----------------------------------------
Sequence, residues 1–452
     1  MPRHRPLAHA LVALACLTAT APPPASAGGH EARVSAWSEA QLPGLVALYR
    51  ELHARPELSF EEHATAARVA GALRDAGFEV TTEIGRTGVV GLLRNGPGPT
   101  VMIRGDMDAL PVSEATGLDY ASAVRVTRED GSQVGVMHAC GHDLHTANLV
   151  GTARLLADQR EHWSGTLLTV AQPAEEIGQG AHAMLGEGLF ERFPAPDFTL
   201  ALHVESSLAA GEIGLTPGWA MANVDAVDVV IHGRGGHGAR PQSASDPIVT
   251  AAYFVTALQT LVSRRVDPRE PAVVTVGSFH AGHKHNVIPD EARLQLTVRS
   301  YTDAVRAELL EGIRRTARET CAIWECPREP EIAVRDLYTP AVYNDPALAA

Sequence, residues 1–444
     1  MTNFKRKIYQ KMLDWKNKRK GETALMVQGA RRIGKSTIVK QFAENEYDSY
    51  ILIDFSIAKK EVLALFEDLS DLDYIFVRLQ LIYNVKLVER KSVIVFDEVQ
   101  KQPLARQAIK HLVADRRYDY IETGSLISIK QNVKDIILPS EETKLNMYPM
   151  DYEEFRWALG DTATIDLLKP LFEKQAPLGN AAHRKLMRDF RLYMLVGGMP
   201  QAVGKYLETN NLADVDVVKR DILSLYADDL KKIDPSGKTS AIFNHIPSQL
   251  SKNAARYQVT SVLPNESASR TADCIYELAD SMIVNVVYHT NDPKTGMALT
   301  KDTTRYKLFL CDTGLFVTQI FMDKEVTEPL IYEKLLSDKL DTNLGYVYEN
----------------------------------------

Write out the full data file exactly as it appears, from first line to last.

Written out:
Sequence, residues 1–452
     1  MPRHRPLAHA LVALACLTAT APPPASAGGH EARVSAWSEA QLPGLVALYR
    51  ELHARPELSF EEHATAARVA GALRDAGFEV TTEIGRTGVV GLLRNGPGPT
   101  VMIRGDMDAL PVSEATGLDY ASAVRVTRED GSQVGVMHAC GHDLHTANLV
   151  GTARLLADQR EHWSGTLLTV AQPAEEIGQG AHAMLGEGLF ERFPAPDFTL
   201  ALHVESSLAA GEIGLTPGWA MANVDAVDVV IHGRGGHGAR PQSASDPIVT
   251  AAYFVTALQT LVSRRVDPRE PAVVTVGSFH AGHKHNVIPD EARLQLTVRS
   301  YTDAVRAELL EGIRRTARET CAIWECPREP EIAVRDLYTP AVYNDPALAA

Sequence, residues 1–444
     1  MTNFKRKIYQ KMLDWKNKRK GETALMVQGA RRIGKSTIVK QFAENEYDSY
    51  ILIDFSIAKK EVLALFEDLS DLDYIFVRLQ LIYNVKLVER KSVIVFDEVQ
   101  KQPLARQAIK HLVADRRYDY IETGSLISIK QNVKDIILPS EETKLNMYPM
   151  DYEEFRWALG DTATIDLLKP LFEKQAPLGN AAHRKLMRDF RLYMLVGGMP
   201  QAVGKYLETN NLADVDVVKR DILSLYADDL KKIDPSGKTS AIFNHIPSQL
   251  SKNAARYQVT SVLPNESASR TADCIYELAD SMIVNVVYHT NDPKTGMALT
   301  KDTTRYKLFL CDTGLFVTQI FMDKEVTEPL IYEKLLSDKL DTNLGYVYEN